Cannabis abuse is associated with better emotional memory in schizophrenia: A functional magnetic resonance imaging study

Josiane Bourque, Adrianna Mendrek, Myriam Durand, Nadia Lakis, Olivier Lipp, Emmanuel Stip, Pierre Lalonde, Sylvain Grignon, Stéphane Potvin

Research output: Contribution to journalArticlepeer-review

16 Citations (Scopus)


In schizophrenia cannabis abuse/dependence is associated with poor compliance and psychotic relapse. Despite this, the reasons for cannabis abuse remain elusive, but emotions may play a critical role in this comorbidity. Accordingly, we performed a functional magnetic resonance imaging study of emotional memory in schizophrenia patients with cannabis abuse (dual-diagnosis, DD). Participants comprised 14 DD patients, 14 non-abusing schizophrenia patients (SCZ), and 21 healthy controls (HC) who had to recognize positive and negative pictures while being scanned. Recognition of positive and negative emotions was prominently impaired in SCZ patients, relative to HC, while differences between DD and HC were smaller. For positive and negative stimuli, we observed significant activations in frontal, limbic, temporal and occipital regions in HC; in frontal, limbic and temporal regions in DD; and in temporal, parietal, limbic and occipital regions in the SCZ group. Our results suggest that emotional memory and prefrontal lobe functioning are preserved in DD relative to SCZ patients. These results are consistent with previous findings showing that cannabis abuse is associated with fewer negative symptoms and better cognitive functioning in schizophrenia. Longitudinal studies will need to determine whether the relative preservation of emotional memory is primary or secondary to cannabis abuse in schizophrenia.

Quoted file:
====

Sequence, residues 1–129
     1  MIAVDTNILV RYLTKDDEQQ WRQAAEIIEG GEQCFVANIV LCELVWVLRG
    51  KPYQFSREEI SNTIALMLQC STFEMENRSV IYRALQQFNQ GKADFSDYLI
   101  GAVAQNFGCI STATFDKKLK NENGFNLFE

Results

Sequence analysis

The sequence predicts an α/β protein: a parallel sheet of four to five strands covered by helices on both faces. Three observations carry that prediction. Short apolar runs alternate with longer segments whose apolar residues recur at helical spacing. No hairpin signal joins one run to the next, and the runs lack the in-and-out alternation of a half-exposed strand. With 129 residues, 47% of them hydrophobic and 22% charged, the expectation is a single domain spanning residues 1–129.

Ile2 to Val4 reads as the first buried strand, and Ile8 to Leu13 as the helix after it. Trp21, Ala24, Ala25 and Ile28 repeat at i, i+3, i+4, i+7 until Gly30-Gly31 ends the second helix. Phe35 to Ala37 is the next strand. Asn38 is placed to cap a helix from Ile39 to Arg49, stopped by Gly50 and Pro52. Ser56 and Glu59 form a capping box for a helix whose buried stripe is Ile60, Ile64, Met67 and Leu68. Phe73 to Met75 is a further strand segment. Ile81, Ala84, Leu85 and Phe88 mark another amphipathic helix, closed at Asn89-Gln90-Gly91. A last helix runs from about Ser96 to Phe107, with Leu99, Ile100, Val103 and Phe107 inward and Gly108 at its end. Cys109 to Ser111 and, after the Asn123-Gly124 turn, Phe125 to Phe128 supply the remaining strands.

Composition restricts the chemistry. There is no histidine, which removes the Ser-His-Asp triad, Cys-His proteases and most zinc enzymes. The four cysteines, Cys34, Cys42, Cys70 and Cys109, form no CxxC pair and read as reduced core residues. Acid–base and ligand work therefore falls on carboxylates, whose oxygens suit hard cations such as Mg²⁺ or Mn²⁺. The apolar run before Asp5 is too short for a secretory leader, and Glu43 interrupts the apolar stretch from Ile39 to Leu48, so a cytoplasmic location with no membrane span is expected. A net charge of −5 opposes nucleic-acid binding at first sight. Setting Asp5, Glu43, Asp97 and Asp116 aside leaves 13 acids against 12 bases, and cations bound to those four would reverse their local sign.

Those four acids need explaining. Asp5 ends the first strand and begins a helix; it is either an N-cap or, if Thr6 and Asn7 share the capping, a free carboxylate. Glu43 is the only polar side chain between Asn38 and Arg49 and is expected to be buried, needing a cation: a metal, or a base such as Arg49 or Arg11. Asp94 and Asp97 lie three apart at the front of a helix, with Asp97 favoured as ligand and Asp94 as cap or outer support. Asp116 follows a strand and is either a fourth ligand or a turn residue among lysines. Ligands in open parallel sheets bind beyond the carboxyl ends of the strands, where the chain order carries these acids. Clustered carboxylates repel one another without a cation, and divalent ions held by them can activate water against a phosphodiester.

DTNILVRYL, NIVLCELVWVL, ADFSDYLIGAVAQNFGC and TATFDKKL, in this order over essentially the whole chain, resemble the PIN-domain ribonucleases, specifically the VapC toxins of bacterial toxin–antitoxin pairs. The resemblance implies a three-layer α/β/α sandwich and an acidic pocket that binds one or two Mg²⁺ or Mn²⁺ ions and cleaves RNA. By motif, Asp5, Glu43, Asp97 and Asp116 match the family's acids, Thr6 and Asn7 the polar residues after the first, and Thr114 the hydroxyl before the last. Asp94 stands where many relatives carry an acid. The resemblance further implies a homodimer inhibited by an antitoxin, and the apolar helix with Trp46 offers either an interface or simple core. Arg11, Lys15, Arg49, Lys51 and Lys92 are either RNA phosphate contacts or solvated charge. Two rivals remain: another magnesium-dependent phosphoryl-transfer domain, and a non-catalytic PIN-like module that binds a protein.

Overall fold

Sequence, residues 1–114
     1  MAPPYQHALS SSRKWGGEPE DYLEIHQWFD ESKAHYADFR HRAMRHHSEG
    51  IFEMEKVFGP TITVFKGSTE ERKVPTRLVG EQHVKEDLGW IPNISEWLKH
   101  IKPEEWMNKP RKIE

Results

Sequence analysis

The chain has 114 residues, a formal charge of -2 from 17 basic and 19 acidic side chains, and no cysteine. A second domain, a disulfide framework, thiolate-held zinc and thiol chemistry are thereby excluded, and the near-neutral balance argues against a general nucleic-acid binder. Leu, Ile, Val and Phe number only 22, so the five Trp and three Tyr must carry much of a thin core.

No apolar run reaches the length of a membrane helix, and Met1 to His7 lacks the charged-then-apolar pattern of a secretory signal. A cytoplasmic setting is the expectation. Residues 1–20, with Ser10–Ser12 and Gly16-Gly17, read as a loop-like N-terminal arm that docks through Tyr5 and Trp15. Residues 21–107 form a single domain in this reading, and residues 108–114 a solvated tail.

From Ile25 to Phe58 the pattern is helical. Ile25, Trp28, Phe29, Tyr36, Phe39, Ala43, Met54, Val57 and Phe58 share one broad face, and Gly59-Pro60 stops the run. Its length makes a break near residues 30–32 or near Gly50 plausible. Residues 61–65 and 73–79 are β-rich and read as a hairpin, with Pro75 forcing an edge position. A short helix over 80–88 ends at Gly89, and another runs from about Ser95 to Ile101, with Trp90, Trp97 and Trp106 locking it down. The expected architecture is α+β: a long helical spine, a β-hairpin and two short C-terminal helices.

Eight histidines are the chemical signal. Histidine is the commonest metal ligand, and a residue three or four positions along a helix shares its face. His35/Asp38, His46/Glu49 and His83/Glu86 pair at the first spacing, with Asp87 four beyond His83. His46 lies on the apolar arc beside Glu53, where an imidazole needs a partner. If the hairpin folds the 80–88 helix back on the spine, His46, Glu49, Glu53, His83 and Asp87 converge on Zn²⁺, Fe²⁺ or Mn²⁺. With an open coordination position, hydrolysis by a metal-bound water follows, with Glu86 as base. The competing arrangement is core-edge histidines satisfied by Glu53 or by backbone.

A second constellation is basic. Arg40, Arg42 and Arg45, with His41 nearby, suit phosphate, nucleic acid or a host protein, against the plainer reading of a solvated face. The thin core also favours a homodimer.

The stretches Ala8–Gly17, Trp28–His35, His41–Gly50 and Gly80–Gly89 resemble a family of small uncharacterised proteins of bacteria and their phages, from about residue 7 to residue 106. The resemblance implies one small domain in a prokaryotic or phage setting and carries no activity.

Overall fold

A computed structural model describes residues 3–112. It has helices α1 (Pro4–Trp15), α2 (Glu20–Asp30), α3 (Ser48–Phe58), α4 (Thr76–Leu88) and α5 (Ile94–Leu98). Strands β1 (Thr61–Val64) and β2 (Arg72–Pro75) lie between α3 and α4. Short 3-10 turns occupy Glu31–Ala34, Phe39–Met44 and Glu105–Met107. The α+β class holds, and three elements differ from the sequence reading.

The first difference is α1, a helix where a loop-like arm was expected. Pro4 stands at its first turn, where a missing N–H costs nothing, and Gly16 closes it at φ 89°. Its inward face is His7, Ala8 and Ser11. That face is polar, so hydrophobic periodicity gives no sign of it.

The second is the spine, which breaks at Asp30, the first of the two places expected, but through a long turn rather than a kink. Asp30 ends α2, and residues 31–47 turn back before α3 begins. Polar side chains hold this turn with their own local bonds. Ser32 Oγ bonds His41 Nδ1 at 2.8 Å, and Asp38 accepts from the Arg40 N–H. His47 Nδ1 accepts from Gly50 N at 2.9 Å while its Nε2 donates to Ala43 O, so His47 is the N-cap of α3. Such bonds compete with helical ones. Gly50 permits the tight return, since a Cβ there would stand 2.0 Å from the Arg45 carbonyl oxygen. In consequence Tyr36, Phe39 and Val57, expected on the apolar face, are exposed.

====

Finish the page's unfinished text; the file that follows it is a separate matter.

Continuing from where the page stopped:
Original languageEnglish
Pages (from-to)24-32
Number of pages9
JournalPsychiatry Research - Neuroimaging
Issue number1
Publication statusPublished - Oct 30 2013
Externally publishedYes


  • Cannabis
  • Emotional memory
  • Functional imaging
  • Schizophrenia

ASJC Scopus subject areas

  • Neuroscience (miscellaneous)
  • Radiology Nuclear Medicine and imaging
  • Psychiatry and Mental health


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